Tribune News Service
Jalandhar, September 26
The contractual employees of the Government Drug De-Addiction and Rehabilitation centres and the Outpatient Opioid-Assisted Treatment (OOAT) clinics across the state have been demanding a rise in their salaries for the past four years. Forced to work overtime, the workers are also demanding that their services should be regularised.
Hired under the National Health Mission (NHM), the workers are seeking salaries on a par with the NHM workers.
Addressing members during a meeting at the Jalandhar Press Club on Sunday, Prashant Aadia, general secretary of the Government Drug De-Addiction and Rehabilitation Centre Workers’ Union, said though we provided our services during the Covid-19 pandemic and remained deployed in the isolation wards, we were not offered any relief in the shape of increment. Whereas the NHM workers were not only given a 12 per cent Covid relief increment but also a 9 per cent special service increment.
“Apart from managing de-addiction and OOAT centres, the workers also discharged duties at government hospitals,” added Prashant.
There are around 255 contractual workers and 600 outsourced workers working under the drug-free mission of the state government, who were inducted in the department in 2013 under the Cancer and Drug-Deaddiction Infrastructure Act Board 2013. The workers said there were currently around 22 de-addiction centres and 200 OOAT centres in the state. The union workers threatened to hold a protest on September 30 if the Health Department failed to address their demands. Like the previous year, the working of the OOAT and deaddiction centres could also be affected due to the strike, causing a great inconvenience to patients.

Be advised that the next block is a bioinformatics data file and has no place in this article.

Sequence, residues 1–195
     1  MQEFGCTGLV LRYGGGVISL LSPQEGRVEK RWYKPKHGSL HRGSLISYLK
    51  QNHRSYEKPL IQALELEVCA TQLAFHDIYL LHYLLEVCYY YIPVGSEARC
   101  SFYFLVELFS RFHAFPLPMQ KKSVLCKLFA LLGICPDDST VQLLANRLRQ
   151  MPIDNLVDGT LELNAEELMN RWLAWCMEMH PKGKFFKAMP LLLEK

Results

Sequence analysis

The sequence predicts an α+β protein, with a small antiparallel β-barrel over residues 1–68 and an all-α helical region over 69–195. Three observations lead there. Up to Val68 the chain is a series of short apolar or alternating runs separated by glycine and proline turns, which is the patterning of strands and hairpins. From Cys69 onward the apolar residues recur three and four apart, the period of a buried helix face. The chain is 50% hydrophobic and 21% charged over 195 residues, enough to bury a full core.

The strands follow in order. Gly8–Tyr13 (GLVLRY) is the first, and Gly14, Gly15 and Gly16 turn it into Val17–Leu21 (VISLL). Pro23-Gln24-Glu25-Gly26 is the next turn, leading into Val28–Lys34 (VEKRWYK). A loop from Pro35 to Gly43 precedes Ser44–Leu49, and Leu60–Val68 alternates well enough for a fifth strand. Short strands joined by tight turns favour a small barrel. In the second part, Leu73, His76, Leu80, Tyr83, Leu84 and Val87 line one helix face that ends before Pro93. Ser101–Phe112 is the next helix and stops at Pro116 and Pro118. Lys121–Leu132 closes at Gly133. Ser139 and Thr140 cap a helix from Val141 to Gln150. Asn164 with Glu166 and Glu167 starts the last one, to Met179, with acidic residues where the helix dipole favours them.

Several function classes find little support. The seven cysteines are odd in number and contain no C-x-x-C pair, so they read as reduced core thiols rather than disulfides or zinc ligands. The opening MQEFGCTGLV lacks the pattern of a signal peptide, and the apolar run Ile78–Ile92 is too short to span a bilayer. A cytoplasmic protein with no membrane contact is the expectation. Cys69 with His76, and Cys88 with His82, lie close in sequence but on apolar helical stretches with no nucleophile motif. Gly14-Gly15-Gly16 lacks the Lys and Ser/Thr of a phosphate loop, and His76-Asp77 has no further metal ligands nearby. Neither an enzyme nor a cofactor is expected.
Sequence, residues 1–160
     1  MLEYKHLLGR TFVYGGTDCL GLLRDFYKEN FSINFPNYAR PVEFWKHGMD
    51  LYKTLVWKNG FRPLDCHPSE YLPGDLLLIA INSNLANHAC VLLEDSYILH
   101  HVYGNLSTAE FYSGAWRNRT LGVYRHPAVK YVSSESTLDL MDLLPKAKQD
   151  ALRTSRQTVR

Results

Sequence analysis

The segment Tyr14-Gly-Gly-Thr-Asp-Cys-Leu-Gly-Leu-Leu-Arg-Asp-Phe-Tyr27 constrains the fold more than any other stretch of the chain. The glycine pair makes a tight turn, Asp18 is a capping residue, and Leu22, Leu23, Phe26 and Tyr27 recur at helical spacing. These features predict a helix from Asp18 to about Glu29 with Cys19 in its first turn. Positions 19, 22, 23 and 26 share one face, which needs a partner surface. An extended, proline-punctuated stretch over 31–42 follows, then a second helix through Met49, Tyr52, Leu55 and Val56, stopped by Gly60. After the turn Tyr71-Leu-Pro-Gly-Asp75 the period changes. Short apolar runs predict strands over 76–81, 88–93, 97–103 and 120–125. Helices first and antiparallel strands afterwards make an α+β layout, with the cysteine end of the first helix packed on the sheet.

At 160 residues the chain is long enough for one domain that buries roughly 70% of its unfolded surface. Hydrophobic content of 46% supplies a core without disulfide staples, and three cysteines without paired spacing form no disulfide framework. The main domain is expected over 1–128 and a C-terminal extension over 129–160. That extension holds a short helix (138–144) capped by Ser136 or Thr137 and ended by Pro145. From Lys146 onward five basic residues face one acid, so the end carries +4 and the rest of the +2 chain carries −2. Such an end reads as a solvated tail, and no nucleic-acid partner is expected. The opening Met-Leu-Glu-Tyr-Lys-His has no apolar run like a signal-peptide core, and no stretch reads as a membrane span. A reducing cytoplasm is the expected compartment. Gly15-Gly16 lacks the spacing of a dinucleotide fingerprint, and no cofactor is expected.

Parminder Singh, state president of the union, said they were working on meagre salaries. After their recruitment on various posts in 2014, the first increment of 6 per cent was offered in 2018. Owing to meagre salaries, many workers have already left their jobs. Now many posts of ward attendant and staff nurse are lying vacant.
Harman, a ward attendant who is receiving Rs 10,000 as a monthly salary, rues, “It has become almost impossible to run the household with a meagre salary. After the lockdown, our expenses have increased. While being posted on Covid-19 duty, we had to cover a distance of 80-100 km everyday on rented transport to reach our workplace, but the government never offered any travel allowance. Even after working for eight years, there is negligible increment in our pay scales.”
“We have been demanding the regularisation of our services for the last six years, but to no avail,” he added.
Parminder Singh said they were serving the state, but the Punjab Government was ignoring their demand of regular jobs. “Even after an extra load of patients during the lockdown, we never refused to offer our services and worked extra hours, but the government is unwilling to pay our rightful dues. It is very difficult to meet household expenses with meagre salaries. If we had been covered under the NHM, would we be getting salaries accordingly,” added Parminder.
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